How does a German know if their bank account is overdrawn? It answers in Greek.
Maybe I’m being harsh, and that it is a beautifully wrought, neo-absurdist comment that shines a light onto everyone's perceptions of foreign lands in a century where being able to bark the loudest trumps artistic integrity every time, and a brutally to the point, post-modern take on the fact that the implications of the movements of decimal points on a computer screen that we will never see are more important than the day to day lives of our neighbours in a supposedly united continent.
I don't think it was really meant as such though. It is just a bad joke, and, as such one shouldn't take it too seriously.
It was published in a series of the “funniest” jokes about the country as the tabloids have been wetting themselves in anticipation of the European Championships quarter final on Friday night against Europe’s brassic-bete-noir, and they could not be happier than to have the chance than to stick the boot in to their financial nemeses.
Major tournaments are always enlivened by a spicy political grudge match. It is not quite Iran beating the USA in Lyon in 1998, knocking the Great Satan out of the World Cup in the process – a game that brought football fans across the globe together as one in support of the rogue state – but it does add a certain frisson to what will in all likelihood be an otherwise, stultifyingly dull encounter.
They will have a field day if Germany beat those lazy, pesky Hellenes (who have probably given themselves another day off, and will spend the build-up to the game getting pissed on ouzo, whilst watching Vangelis and Demis Roussos light each other’s farts with €1000 notes), but one can only hope that the jokes will be tempered by some magnanimity or, even, a modicum of sympathy.
One can be sure, however, that the puns have already been written in preparation for the next day, and that Diogenes’ quote “He who has the most is the most content with the least” will not be being bandied around too much around whilst Plato takes a kicking on the front pages.
But they need to be a bit careful. There was something a bit unedifying about the posters that sprung up over Berlin immediately in the aftermath of the victory against Holland – with the word Niederlande changed on a bright orange background to Niederlage (Netherlosers)!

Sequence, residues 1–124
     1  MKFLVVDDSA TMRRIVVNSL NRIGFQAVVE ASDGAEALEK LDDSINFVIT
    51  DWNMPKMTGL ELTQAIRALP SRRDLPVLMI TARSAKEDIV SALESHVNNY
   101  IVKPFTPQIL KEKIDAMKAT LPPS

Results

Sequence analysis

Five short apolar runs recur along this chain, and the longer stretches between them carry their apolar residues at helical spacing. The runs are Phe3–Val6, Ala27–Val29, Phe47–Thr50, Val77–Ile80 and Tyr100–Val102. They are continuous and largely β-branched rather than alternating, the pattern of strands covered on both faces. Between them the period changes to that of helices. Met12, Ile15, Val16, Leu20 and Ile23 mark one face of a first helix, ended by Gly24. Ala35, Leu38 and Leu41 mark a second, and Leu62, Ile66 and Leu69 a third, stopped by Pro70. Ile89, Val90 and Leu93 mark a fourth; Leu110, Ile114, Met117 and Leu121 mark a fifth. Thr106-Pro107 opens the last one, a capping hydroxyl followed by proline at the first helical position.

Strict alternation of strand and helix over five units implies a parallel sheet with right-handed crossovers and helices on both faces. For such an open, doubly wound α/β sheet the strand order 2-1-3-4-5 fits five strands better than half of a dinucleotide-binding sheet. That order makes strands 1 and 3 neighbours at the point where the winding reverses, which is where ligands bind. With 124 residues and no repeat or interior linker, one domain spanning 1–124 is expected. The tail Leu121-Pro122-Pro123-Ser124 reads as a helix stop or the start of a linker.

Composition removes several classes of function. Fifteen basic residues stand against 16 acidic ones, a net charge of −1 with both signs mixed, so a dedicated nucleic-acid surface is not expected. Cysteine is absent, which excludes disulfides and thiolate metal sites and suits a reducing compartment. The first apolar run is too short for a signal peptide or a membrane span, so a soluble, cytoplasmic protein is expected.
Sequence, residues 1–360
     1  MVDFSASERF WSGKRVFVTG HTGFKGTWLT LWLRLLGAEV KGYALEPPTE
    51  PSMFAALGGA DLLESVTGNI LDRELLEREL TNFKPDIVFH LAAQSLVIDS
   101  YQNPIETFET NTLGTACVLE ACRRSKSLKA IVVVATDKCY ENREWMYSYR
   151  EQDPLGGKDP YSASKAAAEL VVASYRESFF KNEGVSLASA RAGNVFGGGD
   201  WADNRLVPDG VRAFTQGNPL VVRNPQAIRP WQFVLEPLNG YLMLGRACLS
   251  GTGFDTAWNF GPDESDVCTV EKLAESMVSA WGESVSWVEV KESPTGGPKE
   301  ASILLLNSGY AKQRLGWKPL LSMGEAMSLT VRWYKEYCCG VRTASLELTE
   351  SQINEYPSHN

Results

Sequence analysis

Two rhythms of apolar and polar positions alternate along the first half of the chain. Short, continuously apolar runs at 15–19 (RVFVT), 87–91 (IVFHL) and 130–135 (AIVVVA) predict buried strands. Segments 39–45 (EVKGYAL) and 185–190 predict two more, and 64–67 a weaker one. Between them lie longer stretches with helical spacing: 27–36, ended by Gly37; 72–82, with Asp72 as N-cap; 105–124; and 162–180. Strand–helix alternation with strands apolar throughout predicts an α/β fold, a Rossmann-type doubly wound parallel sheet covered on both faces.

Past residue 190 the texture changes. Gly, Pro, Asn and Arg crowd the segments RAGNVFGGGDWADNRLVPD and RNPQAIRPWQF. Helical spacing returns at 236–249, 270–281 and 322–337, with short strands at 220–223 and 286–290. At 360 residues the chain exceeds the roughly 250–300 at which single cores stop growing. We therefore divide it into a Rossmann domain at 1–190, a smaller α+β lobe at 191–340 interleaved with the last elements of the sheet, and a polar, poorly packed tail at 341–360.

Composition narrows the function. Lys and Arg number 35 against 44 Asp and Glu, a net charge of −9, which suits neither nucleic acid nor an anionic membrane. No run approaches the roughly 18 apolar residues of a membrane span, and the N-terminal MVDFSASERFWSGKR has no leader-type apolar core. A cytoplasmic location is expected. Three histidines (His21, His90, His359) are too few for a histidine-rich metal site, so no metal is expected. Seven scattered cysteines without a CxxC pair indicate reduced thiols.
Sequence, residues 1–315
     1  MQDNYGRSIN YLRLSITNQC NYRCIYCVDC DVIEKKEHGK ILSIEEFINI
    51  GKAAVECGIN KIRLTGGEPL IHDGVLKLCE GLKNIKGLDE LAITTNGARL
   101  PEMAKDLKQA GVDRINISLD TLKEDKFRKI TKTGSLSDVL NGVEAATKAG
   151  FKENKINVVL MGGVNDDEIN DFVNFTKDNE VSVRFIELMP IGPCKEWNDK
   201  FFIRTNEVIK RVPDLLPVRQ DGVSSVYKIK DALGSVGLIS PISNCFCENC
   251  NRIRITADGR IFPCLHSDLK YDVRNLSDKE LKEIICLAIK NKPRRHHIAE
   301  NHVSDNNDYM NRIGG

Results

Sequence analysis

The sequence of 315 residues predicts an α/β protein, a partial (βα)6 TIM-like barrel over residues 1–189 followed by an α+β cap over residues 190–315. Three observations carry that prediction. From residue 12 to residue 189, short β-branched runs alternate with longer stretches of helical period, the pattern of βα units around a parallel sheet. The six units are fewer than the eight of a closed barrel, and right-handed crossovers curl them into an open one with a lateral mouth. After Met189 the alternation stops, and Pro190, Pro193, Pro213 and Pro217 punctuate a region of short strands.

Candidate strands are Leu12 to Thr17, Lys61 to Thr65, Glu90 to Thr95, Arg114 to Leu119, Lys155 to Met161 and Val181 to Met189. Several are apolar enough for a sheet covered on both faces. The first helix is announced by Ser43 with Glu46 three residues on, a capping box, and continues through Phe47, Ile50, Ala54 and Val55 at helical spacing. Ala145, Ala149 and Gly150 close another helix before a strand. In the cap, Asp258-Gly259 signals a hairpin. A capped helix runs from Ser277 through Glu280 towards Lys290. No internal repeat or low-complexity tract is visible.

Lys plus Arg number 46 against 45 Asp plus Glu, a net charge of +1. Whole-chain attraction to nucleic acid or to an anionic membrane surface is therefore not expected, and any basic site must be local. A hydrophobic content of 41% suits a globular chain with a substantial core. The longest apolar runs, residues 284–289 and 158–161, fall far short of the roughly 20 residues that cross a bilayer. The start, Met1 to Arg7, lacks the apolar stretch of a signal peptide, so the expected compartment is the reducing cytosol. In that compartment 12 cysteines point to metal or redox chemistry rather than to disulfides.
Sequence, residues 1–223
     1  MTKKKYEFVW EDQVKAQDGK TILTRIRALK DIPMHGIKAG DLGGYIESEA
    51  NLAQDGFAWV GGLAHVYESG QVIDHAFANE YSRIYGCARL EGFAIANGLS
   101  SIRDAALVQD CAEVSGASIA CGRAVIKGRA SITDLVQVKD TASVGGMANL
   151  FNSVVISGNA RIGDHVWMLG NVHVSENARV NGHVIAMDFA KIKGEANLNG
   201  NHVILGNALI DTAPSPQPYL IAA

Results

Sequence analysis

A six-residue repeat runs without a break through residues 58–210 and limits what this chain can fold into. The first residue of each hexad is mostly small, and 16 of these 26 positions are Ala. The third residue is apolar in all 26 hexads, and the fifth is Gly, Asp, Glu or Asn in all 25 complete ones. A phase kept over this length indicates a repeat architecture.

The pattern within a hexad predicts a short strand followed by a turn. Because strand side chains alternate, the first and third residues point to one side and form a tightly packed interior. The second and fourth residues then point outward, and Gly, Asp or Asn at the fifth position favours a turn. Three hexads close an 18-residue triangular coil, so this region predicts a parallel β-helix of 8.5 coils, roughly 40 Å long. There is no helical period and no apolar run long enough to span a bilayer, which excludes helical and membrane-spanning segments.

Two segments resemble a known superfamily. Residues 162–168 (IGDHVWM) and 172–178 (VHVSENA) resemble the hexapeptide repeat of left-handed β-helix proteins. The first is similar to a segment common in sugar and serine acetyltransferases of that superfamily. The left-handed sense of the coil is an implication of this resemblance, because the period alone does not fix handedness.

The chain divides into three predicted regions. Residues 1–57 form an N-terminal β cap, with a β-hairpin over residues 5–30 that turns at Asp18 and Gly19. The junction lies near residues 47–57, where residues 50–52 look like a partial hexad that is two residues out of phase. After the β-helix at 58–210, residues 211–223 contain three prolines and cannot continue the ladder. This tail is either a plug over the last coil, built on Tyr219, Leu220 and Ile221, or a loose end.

For the first time in over 20 years, Germany has assumed the mantle of being genuine favourites in a major tournament. They will be no longer able to rejoice quite so much a hard fought loss in the latter stages, whilst pointing to the long term plan stretching out ahead of them. That dangerous mix of arrogance and hubris that was traditionally and lazily applied to the Nationalmannschaft by their jealous neighbours across Europe would be a killer if it started to come out of their mouths now – just as the world is falling in love with their football team.
Fortunately this German squad are polite, cosmopolitan and mostly free of conceit in their utterances to the press – although their years of PR training renders them a little dull. They know the added pressure on their shoulders, and will, hopefully, remain careful to keep it at a minimum by stressing that this is merely a game of football, albeit one against a team that they have never previously lost to.
And if they dispose of the massed ranks of Greek defenders, the chances could be that they will face England in the semi-final and with it the match up of the century. England's footballers may well be their least talented in a generation, but the newspapers are still number one when it comes to, admittedly, often hilarious, but usually just snidey, puns, lazily applied stereotypes and a crowing, over-inflated, sense of national pride.
Watch out Bild. Your headline writers may just have to play the game of their lives.